Respiratory failure is defined as the inability of the respiratory system to ensure the organism’s needs in oxygen. This condition may be the consequence of various diseases and implies a treatment by ventilatory support. In noninvasive ventilation, “pressure support” mode is a ventilatory mode that is commonly used. This mode necessitates a good synchronization between the patient’s inspiratory efforts and the ventilator pressure cycles, one of the objectives being to reduce the patient’s work of breathing. Furthermore, noninvasive ventilation is known to have effects on the cardiovascular system, even if the underlying mechanisms remain poorly understood. First, we will focus on the modeling of the cardiovascular dynamics to assess the mechanisms leading to cardiac remodeling. This model allows to reproduce and explain the origin of the two phases of pulmonary arterial hypertension. A second part was devoted to patient-ventilator interactions in order to understand the emergence of the asynchrony events that can be observed in clinics. We built a dynamical model able to reproduce the global behavior of some ventilators available on the market. This work therefore represents a first theoretical approach allowing to improve the understanding of various interactions related to the cardiorespiratory system.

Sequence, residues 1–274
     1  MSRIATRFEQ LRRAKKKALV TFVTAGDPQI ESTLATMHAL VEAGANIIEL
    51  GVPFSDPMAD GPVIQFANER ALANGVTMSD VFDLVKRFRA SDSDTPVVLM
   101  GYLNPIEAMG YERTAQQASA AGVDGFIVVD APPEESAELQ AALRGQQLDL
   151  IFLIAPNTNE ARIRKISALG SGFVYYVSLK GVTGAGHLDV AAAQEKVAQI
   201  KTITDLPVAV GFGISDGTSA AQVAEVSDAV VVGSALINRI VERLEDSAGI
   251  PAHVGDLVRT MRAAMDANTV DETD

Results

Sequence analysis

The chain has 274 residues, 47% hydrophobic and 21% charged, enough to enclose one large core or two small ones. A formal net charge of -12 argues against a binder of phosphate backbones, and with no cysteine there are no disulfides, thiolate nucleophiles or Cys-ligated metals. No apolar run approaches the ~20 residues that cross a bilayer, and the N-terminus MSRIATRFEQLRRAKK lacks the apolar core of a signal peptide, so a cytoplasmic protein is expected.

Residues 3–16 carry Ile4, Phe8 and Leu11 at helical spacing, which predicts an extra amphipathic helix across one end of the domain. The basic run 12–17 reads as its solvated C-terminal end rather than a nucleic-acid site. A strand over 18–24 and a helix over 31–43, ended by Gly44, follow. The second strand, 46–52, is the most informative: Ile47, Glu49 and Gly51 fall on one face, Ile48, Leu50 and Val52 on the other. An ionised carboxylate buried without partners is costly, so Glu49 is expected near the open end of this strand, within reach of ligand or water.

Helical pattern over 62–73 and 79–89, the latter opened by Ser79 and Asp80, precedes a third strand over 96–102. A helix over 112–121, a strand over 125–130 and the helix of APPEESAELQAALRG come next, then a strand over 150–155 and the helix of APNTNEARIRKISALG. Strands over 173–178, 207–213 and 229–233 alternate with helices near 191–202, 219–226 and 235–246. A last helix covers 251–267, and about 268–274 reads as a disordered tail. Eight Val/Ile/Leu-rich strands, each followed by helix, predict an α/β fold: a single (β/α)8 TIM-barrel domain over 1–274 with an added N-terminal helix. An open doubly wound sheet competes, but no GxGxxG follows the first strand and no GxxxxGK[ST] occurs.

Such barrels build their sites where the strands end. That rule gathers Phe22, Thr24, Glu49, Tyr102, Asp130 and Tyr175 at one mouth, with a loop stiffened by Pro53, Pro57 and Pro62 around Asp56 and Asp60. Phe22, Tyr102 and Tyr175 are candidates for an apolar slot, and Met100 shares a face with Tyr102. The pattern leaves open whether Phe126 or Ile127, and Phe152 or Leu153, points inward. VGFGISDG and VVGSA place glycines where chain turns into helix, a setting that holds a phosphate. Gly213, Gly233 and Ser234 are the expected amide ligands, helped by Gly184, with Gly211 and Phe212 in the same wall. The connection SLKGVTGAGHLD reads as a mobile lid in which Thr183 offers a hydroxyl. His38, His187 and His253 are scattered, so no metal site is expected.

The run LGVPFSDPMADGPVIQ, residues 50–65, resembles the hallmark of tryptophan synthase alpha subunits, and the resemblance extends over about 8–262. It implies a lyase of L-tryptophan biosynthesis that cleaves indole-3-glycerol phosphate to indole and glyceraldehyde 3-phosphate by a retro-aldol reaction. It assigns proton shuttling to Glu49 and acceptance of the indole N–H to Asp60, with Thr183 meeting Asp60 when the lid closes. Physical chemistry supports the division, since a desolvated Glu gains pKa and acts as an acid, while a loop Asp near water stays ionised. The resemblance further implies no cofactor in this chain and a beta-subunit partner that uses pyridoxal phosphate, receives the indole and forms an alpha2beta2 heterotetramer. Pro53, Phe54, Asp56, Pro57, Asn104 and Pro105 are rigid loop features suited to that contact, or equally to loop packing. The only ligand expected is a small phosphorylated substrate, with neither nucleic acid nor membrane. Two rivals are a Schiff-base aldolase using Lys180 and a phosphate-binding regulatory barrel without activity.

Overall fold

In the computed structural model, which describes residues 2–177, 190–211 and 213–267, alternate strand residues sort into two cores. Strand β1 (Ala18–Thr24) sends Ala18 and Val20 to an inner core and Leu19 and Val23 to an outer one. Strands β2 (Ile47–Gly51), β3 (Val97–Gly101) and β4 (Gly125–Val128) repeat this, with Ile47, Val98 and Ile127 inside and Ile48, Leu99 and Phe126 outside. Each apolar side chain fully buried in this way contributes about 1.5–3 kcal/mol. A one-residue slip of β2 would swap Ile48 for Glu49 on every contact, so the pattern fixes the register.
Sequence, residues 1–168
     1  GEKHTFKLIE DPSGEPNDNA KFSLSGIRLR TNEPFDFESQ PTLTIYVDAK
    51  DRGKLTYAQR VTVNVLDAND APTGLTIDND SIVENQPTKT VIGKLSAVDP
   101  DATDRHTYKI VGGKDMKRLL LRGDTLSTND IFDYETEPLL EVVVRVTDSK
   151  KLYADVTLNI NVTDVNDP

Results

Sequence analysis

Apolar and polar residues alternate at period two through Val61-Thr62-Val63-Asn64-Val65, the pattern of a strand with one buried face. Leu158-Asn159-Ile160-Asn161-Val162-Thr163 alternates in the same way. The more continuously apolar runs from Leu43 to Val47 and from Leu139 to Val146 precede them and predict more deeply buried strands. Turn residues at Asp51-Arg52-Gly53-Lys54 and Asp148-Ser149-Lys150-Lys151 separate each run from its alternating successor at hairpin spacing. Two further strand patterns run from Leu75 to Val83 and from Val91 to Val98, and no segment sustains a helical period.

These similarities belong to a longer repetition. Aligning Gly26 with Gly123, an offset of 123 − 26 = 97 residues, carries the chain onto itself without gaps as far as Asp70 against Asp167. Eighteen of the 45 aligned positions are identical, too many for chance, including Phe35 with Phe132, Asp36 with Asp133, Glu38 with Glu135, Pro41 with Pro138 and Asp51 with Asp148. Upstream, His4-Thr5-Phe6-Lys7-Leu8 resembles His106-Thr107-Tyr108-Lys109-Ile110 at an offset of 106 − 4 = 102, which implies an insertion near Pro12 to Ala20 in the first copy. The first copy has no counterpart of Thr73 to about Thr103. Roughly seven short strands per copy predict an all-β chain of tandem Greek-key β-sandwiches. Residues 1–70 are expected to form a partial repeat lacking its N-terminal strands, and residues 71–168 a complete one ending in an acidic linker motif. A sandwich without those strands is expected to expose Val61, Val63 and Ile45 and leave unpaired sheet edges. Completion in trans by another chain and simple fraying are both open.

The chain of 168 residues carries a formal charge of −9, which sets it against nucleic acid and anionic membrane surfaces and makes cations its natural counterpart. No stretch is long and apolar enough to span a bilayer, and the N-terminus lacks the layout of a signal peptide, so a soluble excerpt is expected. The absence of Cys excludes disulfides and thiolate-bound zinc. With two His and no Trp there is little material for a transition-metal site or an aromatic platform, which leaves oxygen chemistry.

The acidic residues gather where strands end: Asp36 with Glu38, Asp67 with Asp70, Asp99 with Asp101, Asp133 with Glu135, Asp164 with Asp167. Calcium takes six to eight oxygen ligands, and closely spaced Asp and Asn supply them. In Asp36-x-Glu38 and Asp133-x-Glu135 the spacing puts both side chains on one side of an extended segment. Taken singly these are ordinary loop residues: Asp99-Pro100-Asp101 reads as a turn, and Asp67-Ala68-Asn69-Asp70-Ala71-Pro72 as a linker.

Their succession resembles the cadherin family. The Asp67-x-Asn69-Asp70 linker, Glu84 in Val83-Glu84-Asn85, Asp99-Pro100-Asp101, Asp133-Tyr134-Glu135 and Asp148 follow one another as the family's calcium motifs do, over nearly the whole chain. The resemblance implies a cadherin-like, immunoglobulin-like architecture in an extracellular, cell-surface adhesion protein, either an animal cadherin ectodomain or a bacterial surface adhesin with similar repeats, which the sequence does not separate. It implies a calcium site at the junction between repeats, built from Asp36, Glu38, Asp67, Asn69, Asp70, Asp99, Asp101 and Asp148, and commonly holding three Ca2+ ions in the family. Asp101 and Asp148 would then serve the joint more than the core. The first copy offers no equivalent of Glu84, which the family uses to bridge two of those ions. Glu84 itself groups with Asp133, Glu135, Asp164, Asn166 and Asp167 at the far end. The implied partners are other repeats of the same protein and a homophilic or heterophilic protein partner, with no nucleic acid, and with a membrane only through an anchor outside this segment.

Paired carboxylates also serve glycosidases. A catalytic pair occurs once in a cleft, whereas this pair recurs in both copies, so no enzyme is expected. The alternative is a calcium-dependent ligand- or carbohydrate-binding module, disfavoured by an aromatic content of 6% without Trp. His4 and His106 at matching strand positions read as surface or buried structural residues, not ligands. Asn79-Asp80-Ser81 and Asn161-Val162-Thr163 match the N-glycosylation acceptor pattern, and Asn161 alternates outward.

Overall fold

The Ph.D. thesis can be downloaded here
A. Kerfourn, B. Lamia, J.-F. Muir & C. Letellier, A dynamical model for heart remodeling during the two phases of pulmonary arterial hypertension, EPJ Nonlinear Biomedical Physics, 4, 1, 2016. Online
This thesis was supported by ADIR Association